With the news hitting Friday that the city of Austin was officially pulling the plug on SXSW amid concerns over the coronavirus, social media has been flooded with questions about what happens next. The festival, which was first held back in 1987, has never been canceled before. This unprecedented decision has left many to wonder what to do regarding their plans to attend -- many of which are made months in advance.
While there are no clear-cut answers at this point, several would-be attendees ended up turning to social media to try and find some answers. As well as some support among one-another among the news.
Are you an early-career, marginalized, and/or independent creative who is now out money from lost gigs, accommodations, flights etc from #SXSW?March 7, 2020
Some immediately mobilized, offering to help up-and-coming creatives whose projects were going to be a part of the annual festival.
If you're interested: @GiantNoiseEG and I are working on a way to do a fundraiser for service industry folks affected by SXSW cancelling. We are already talking to a nonprofit that works in this area. Spending the time that would gone to #SXSW work on this. More soon.— Jennifer Sinski (@jennifersinski) March 6, 2020
Considering that SXSW brings in hundreds of millions of dollars to the city of Austin every year, people who work in the industry behind-the-scenes look forward to the week-plus of events as a way to make some extra income. With no official events on the calendar, some are looking for ways to offset the significant monetary loss many will now be enduring.
If you're cheering #SXSW being canceled simply because you hate the traffic or whatever, you're being a dick. Local small businesses could *go* *under.* Artists (not the famous ones!) have busted their asses to showcase their work and get their shot there.— Jessica Shortall 🧂 (@jessicashortall) March 6, 2020
Just ... just shush.
Along with creatives and industry workers, the festival's significant impact on the city at large, those in food service also looks to SXSW as a time to capitalize on the influx of visitors. While the economic impact of the cancellation will be significant, some are imploring others not to gloat about the news. Especially so quickly after it was announced.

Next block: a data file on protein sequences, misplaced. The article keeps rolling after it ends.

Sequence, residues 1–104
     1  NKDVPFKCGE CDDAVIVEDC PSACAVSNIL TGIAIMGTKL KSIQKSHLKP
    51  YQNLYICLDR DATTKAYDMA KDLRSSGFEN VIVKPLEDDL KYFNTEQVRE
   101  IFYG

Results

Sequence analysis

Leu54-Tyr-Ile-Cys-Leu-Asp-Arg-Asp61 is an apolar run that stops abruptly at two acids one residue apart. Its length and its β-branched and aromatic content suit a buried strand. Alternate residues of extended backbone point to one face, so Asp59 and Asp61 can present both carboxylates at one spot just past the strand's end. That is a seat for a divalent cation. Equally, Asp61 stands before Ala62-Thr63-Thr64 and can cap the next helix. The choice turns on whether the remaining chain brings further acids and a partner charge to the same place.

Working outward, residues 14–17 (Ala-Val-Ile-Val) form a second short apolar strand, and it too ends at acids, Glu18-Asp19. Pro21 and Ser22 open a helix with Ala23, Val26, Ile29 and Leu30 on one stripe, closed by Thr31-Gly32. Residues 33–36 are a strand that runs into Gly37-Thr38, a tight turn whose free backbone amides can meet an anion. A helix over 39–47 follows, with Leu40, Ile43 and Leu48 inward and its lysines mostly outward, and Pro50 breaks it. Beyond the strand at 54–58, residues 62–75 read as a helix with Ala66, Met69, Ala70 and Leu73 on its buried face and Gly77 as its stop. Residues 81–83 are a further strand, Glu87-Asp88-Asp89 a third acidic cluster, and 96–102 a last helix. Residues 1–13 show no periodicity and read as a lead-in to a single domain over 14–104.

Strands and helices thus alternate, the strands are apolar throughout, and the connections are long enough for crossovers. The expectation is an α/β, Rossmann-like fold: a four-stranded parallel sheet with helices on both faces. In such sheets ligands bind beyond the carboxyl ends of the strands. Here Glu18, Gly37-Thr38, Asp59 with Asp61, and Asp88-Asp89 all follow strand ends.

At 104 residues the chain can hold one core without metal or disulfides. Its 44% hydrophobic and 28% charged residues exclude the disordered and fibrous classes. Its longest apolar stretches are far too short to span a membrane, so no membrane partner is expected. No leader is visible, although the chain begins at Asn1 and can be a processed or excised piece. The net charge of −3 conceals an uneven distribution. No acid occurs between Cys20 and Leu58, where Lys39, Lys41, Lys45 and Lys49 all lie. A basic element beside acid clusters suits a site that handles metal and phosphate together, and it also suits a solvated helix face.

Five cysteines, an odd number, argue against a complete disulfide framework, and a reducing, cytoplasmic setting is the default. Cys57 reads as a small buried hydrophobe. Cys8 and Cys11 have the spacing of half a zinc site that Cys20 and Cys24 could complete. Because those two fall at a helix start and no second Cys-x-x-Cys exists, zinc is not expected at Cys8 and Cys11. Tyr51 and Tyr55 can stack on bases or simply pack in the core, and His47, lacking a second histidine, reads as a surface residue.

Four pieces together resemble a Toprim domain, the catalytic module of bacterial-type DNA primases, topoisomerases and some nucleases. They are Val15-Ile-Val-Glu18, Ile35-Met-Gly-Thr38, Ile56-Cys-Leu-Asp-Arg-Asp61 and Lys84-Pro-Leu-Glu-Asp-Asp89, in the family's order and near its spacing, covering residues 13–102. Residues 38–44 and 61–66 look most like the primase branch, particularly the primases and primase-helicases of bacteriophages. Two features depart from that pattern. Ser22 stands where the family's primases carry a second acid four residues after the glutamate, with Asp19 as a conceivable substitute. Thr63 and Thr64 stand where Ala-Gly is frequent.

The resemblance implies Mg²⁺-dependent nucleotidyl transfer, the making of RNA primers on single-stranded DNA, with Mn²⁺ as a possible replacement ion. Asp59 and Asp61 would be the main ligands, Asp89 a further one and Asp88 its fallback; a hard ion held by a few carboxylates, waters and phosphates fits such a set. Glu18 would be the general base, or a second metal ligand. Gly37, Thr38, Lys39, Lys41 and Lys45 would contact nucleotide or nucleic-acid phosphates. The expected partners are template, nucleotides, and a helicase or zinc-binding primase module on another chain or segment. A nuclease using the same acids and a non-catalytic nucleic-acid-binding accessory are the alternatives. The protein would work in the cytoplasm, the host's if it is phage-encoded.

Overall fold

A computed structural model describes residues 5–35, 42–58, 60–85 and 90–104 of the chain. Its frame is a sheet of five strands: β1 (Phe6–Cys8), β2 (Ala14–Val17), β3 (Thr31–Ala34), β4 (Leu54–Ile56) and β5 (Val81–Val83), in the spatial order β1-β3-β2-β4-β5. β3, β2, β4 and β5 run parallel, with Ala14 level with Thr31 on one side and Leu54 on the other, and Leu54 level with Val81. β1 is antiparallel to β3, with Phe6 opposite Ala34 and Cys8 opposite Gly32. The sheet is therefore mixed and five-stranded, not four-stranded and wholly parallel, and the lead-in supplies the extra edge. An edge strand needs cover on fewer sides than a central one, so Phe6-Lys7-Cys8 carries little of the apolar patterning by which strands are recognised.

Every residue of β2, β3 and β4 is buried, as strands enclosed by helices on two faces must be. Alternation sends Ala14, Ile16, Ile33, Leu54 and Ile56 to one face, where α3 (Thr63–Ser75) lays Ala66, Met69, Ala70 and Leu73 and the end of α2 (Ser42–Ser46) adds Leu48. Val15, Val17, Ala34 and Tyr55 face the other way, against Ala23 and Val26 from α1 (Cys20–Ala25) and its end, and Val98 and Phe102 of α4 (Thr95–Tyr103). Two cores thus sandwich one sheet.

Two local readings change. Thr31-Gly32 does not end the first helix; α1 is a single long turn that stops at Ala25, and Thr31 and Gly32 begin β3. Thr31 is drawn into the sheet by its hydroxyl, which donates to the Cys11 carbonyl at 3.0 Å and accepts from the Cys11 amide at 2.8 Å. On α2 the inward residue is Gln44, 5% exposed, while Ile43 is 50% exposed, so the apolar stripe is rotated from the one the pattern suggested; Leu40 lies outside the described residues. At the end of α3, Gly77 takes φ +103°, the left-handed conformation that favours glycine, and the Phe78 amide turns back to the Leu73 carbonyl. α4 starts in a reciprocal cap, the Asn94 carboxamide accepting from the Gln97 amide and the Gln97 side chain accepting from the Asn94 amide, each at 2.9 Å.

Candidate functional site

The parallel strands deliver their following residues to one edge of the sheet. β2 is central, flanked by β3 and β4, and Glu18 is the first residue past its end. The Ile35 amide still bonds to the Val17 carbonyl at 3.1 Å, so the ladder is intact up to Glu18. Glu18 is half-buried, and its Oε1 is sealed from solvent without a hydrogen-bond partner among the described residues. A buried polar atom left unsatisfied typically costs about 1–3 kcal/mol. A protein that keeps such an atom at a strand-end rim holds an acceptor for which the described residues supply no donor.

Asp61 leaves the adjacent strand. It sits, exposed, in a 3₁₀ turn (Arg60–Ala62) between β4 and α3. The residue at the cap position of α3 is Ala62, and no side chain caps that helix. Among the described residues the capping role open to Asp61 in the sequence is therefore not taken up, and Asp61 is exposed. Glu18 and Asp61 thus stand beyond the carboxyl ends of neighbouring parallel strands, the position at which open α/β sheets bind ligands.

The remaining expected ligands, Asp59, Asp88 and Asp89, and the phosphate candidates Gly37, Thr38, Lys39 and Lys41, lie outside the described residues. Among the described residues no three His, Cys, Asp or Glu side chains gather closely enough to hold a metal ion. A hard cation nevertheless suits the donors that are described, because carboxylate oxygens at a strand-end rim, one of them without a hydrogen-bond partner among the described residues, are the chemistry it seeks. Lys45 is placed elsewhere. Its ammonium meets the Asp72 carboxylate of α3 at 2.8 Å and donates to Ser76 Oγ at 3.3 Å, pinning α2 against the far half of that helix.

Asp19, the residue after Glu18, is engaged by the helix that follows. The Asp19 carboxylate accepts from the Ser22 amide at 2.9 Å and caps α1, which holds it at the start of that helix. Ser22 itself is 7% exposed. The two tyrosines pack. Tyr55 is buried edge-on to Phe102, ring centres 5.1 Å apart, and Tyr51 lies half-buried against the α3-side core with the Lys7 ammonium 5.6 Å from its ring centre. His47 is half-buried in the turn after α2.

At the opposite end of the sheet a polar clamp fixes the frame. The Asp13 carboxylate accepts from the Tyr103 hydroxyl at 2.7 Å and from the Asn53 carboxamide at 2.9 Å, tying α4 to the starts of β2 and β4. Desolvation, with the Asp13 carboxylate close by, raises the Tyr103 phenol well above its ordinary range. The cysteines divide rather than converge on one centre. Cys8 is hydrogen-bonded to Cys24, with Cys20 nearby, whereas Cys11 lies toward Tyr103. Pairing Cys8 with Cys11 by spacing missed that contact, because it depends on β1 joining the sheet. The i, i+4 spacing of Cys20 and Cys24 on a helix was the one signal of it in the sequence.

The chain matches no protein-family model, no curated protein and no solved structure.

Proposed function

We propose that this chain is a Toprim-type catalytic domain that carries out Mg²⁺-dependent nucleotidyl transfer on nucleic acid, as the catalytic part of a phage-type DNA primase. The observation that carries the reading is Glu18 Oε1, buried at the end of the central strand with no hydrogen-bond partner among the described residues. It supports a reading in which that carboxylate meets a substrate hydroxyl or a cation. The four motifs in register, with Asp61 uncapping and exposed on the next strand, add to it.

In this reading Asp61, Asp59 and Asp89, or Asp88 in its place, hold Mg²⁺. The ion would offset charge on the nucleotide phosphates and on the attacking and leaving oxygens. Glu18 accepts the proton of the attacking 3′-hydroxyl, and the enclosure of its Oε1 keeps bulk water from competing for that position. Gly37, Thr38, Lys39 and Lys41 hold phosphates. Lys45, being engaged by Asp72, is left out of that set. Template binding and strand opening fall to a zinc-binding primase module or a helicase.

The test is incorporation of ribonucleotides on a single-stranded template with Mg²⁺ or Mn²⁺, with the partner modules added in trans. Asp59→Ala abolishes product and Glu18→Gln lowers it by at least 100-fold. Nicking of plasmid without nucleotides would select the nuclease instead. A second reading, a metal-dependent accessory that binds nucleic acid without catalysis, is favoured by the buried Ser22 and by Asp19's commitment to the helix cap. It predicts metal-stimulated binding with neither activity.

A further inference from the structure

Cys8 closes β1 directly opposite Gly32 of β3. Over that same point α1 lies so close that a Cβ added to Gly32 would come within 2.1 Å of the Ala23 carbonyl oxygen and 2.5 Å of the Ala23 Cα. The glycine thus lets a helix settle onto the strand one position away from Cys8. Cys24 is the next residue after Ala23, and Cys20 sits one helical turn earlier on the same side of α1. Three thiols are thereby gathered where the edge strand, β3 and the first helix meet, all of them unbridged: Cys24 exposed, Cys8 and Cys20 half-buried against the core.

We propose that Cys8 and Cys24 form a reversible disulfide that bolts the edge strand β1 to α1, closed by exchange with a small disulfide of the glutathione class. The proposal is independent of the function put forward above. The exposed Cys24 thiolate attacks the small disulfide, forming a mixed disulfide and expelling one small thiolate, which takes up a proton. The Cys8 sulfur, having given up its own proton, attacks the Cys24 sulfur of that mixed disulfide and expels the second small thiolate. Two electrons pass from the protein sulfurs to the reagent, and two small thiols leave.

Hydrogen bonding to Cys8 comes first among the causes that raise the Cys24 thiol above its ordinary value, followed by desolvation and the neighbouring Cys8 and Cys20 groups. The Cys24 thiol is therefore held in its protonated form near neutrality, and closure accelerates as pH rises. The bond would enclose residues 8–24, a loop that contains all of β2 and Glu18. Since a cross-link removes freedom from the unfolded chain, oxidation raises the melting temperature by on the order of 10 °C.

#SXSW replied me saying they won't refund me ☹️ or exchange for 2021. For Brazilian standards the price of the ticket is VERY expensive and I'm cancelling my trip due to concerns related to coronavirus. I think they should refund me and the participants that decided not to attend— Anderson Criativo (@criativo) February 28, 2020
Others are forced to reckon with the money they've spent making their plans to travel to Austin for SXSW. While its cancellation is unprecedented, early reports are indicating refunds may be hard to come by. Though that could change in the coming days, it's proving difficult at the moment.
Shoutout to all of the artists from outside of Austin who committed non-refundable, thousands of dollars ages ago to be here for #SXSW. I live here, I'm not going anywhere and I will be rocking right along side you. Let's wash our hands and rock!— Jackie Venson (@jackievenson) March 5, 2020
Still, others are seeing the news as an opportunity to allow the influx of visitors still determined to make the trip (for one reason or another) to show them some of that famous Texas hospitality.